Domtar Unveils 'Project Learning Curve' to Focus on Handwriting in the New School Year

Research increasingly shows handwriting helps students learn, remember, express ideas and perform better in a variety of ways.

Sept. 17, 2014 (Press Release) - With a new school year starting, Domtar Corporation unveiled Project Learning Curve, an effort to increase focus on handwriting and the research that shows how much it benefits students.

As part of Project Learning Curve, Domtar has been working with software developers on an app. that helps connect a digital pen to a computer, allowing teachers to measure students' progress. The teachers can track how long students spend on handwriting, or set classroom goals for students, such as writing enough characters to cross the Golden Gate Bridge. It's a fun way to encourage students to spend more time handwriting, to engage both students and parents, and to help teachers monitor the progress being made at home.

Parents and teachers can learn more about Project Learning Curve and watch a short video at Anyone with the Anoto pen can also download the free app. Here's where to buy the pen and where to download the application.

"A growing body of research underscores the importance of handwriting and the brain development it stimulates, yet a growing number of classrooms have eliminated handwriting from the curriculum because of the greater availability of technology," said Paige Goff, Domtar's vice president of sustainability and business communications. "Project Learning Curve illustrates how print and pixels can complement each other in the classroom, giving students the best chance of success."

Researchers have found handwriting helps students learn, remember, express ideas and perform better in a variety of ways. Consider:

  • Experts at Indiana University conducted brain scans on pre-literate children ages 4 to 6 to determine whether printing letters, tracing them or typing is the most effective method in the learning process. The children tried each method, and then received a functional MRI scan in a device designed to look like a spaceship. The results? If children wrote by hand, the experts saw neural activity in three areas of the brain that was far more enhanced. These areas get activated in adults when they read and write.
  • Good handwriting can play a role in classroom performance. It can take a generic classroom test score from the 50th percentile to the 84th percentile, while bad penmanship could tank it to the 16th, said an education professor at Vanderbilt University in this Wall Street Journal article.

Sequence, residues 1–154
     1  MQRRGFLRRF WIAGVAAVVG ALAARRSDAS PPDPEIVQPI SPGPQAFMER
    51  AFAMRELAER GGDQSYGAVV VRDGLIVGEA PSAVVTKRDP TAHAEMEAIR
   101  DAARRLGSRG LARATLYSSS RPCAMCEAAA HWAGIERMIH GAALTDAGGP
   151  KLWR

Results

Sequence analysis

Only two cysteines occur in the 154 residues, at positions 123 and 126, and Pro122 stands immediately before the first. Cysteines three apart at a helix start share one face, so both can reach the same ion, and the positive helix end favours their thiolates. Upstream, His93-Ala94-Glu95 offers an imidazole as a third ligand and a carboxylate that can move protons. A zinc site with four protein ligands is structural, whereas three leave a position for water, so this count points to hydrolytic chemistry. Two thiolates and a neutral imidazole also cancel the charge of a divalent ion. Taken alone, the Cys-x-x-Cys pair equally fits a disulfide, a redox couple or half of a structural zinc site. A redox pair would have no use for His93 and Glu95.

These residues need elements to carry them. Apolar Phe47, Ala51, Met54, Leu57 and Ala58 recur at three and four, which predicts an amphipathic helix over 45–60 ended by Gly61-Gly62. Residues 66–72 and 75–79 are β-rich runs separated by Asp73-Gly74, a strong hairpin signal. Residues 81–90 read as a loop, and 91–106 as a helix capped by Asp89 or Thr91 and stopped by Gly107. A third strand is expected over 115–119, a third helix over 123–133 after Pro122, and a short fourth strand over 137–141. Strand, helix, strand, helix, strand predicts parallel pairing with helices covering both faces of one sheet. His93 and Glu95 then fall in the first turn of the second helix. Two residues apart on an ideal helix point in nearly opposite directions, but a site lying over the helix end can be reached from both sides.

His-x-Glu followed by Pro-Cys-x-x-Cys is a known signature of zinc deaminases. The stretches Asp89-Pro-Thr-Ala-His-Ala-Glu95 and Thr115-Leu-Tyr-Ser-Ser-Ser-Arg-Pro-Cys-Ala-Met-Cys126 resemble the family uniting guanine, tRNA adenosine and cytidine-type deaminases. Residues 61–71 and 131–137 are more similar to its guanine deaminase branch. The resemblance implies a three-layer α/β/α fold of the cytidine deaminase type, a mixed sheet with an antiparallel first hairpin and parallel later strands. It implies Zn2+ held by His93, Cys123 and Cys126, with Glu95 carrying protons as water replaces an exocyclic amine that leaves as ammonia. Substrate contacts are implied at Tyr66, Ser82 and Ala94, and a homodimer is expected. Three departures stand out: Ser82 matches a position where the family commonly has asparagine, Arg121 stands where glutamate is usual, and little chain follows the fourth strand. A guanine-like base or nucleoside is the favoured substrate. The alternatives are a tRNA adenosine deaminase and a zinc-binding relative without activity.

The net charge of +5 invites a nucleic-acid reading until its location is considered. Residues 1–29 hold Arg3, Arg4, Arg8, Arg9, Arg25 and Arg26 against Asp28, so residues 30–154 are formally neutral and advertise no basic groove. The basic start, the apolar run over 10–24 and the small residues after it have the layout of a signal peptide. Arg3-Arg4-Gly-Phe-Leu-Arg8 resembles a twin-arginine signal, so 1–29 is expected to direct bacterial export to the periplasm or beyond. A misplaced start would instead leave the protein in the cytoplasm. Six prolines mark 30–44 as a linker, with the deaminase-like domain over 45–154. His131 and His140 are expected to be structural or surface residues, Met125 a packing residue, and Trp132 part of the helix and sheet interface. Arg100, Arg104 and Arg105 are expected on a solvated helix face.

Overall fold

• A Florida International University researcher found a similar link. She looked at students' grades on fine motor writing tasks in pre-K and their grades in elementary school. Those who did well on fine motor tasks had an average GPA of 3.02 in math and 2.84 in reading, a "B" grade. Those who struggled with fine motor tasks had an average GPA of 2.30 in math and 2.12 in reading, the equivalent of a "C."
  • Handwriting can also help older students. Psychologists at Princeton and UCLA have reported that in both laboratory settings and real-world classrooms, students learn better when they take notes by hand than when they type on a keyboard. This difference does not necessarily stem from the distracting effects of computers. Rather, writing by hand allows students to process a lecture's content and reframe it. This process of reflection and manipulation can lead to better understanding and memory encoding, according to this New York Times article.
  • An article in Psychology Today, titled "Why Writing by Hand Could Make You Smarter," highlights similar findings. A professor at the University of Washington, for example, studied children in grades two, four and six, finding they wrote more words, faster, and expressed more ideas when writing essays by hand and not with a keyboard.

"Educators have noted that even after calculators were invented, schools continued to teach math," Goff said, referring to a recent gathering in Washington for National Handwriting Day. "Why should parents and teachers treat handwriting any differently?"

Domtar Corporation designs, manufactures, markets and distributes a wide variety of fiber-based products including communication papers, specialty and packaging papers and absorbent hygiene products. Domtar is the largest integrated marketer of uncoated freesheet paper in North America. Domtar is also a leading marketer and producer of a complete line of incontinence care products marketed primarily under the AttendsŪ brand name as well as baby diapers. To learn more, visit

SOURCE: Domtar